Aside from my newest fascination with all that was and is Jane Austen, there are some neat things going on during this transitional period of my life, like living back at home and thus becoming closer to my family, learning more about myself from being around them twenty-four/seven, and pursuing other volunteering gigs when not occupied by the former two.  The latter “neat thing going on” is not going so well though, and that is discouraging, because I would like to have these things ironed out months in advance.  The title to my post is owing to the rejection and upset I experienced with most things pursued these past few years, i.e. Campus Crusade for Christ, LVC, botany & all else related to my science degree.  I won’t lie and say I am never depressed over these facts, but I am simultaneously reminded to stroll gracefully onward and keep working on placing my trust in God.  God commands the impossible-ist things.

This week I received a letter of refusal from another Catholic program that would place me in D.C., where I might work with youth by way of tutoring, mentoring, teaching and leading various programs.  It might have suited me well, considering this past year at the Children’s Home and that I am wanting to pursue a teaching certificate in the near future possibly, perhaps, who knows — ?  I thought it a perfect match as my conversation with them went well (actually, stellar) and I thought I aced my application, so I was at a loss over the rejection.  My mom recommended I call just to ask, but since they did not return any of my emails or calls beforehand about my acceptance, instead ignoring me and choosing to inform through some bland rejection letter, I imagine history would simply repeat itself.

Then I thought about what my application gave away that stifled my chances, and I immediately thought it was because I am not Catholic, which failed to come up during our stellar conversation.  It makes sense; I did a little digging (via a single sweep through the FAQ provided by the program’s website) and found that they are not only founded on Catholic principle but are exclusive to Catholics, distinctly asking for ‘Catholic adults seeking to further their spirituality through service, community, etc.’  Yikes.  That is a pretty important pre-requisite, and I admit that if I were a volunteer coordinator for such a program I would assume that all those who apply are not Protestants — why would anyone other than a Catholic want to be a part of a Catholic program?  So I get that, but I suppose I was making an assumption based off of FCV, which although it is founded by a religious order of women, is entirely an ecumenical program.  After reading the letter and giving some thought to it, I am grateful to be led away from a community that probably would have hindered rather than allowed much flourishing growth, if the goal of the program is to particularly foster Catholic spirituality.  At least as an FCV, I had room to stretch my Protestant feet.  I would rather be situated among others that shared basic theology and feelings similar to my evangelical roots which is, let’s face it, many facets away from Catholicism.  So while I am bummed to be snubbed, no less ignored for a couple of weeks beforehand, I am thankful because God is sovereign over it and my faith perspective leads be to believe that it is a good thing, even perfect for me,  since it is a door closed by God Himself.  His designs are best.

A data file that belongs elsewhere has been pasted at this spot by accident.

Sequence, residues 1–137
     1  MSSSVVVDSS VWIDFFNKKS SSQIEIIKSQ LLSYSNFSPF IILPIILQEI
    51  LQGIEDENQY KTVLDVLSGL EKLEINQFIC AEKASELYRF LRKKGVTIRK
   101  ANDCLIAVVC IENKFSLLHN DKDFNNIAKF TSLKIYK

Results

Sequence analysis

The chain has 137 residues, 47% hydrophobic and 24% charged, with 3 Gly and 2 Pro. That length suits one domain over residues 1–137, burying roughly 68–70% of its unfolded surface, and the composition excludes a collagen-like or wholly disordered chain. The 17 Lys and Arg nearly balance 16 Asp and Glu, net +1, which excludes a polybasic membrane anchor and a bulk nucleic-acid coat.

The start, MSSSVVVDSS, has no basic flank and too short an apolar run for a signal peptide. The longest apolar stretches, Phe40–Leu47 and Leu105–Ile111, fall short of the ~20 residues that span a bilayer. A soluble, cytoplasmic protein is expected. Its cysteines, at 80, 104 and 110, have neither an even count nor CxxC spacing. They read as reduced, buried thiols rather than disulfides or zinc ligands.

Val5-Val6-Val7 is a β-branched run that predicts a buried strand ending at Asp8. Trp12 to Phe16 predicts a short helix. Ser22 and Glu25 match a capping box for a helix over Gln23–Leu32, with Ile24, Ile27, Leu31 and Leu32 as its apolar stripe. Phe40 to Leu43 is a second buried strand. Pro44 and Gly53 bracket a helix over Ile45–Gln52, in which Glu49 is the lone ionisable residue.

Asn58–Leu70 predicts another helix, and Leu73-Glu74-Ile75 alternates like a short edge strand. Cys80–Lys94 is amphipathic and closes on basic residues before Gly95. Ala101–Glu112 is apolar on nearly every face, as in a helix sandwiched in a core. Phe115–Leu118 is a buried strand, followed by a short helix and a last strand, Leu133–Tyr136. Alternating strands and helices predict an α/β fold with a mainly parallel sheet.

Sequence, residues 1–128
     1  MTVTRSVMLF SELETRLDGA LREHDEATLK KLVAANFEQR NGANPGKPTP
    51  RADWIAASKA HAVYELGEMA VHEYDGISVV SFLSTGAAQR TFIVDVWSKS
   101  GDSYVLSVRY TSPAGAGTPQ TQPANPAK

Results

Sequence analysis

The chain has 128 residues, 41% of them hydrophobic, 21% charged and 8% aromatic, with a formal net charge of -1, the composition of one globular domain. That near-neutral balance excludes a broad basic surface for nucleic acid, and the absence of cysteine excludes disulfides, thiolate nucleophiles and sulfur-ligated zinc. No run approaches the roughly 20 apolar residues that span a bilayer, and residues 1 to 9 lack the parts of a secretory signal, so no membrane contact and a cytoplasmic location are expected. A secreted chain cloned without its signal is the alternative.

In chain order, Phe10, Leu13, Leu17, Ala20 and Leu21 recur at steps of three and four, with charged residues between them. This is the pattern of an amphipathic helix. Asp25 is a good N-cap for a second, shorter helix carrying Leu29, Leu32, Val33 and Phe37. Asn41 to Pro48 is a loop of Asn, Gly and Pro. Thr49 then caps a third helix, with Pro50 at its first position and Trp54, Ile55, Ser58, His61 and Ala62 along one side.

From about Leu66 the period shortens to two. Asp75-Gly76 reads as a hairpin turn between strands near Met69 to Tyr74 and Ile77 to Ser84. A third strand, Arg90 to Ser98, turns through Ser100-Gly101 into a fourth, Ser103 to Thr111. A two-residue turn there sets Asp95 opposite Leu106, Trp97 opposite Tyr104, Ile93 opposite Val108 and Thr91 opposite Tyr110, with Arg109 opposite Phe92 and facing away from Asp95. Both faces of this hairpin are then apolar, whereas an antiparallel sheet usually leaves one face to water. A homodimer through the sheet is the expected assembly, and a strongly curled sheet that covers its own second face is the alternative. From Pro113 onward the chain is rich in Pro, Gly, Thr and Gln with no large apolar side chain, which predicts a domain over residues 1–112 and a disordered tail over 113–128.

There are two more programs in waiting, each in two different states.  But I am not done searching and I am still encouraged.  This year is a gift of discernment and I know where my heart lies, with children and the needy, and I am convinced God wants me to be with and serve them.  What more motivation and direction to I need?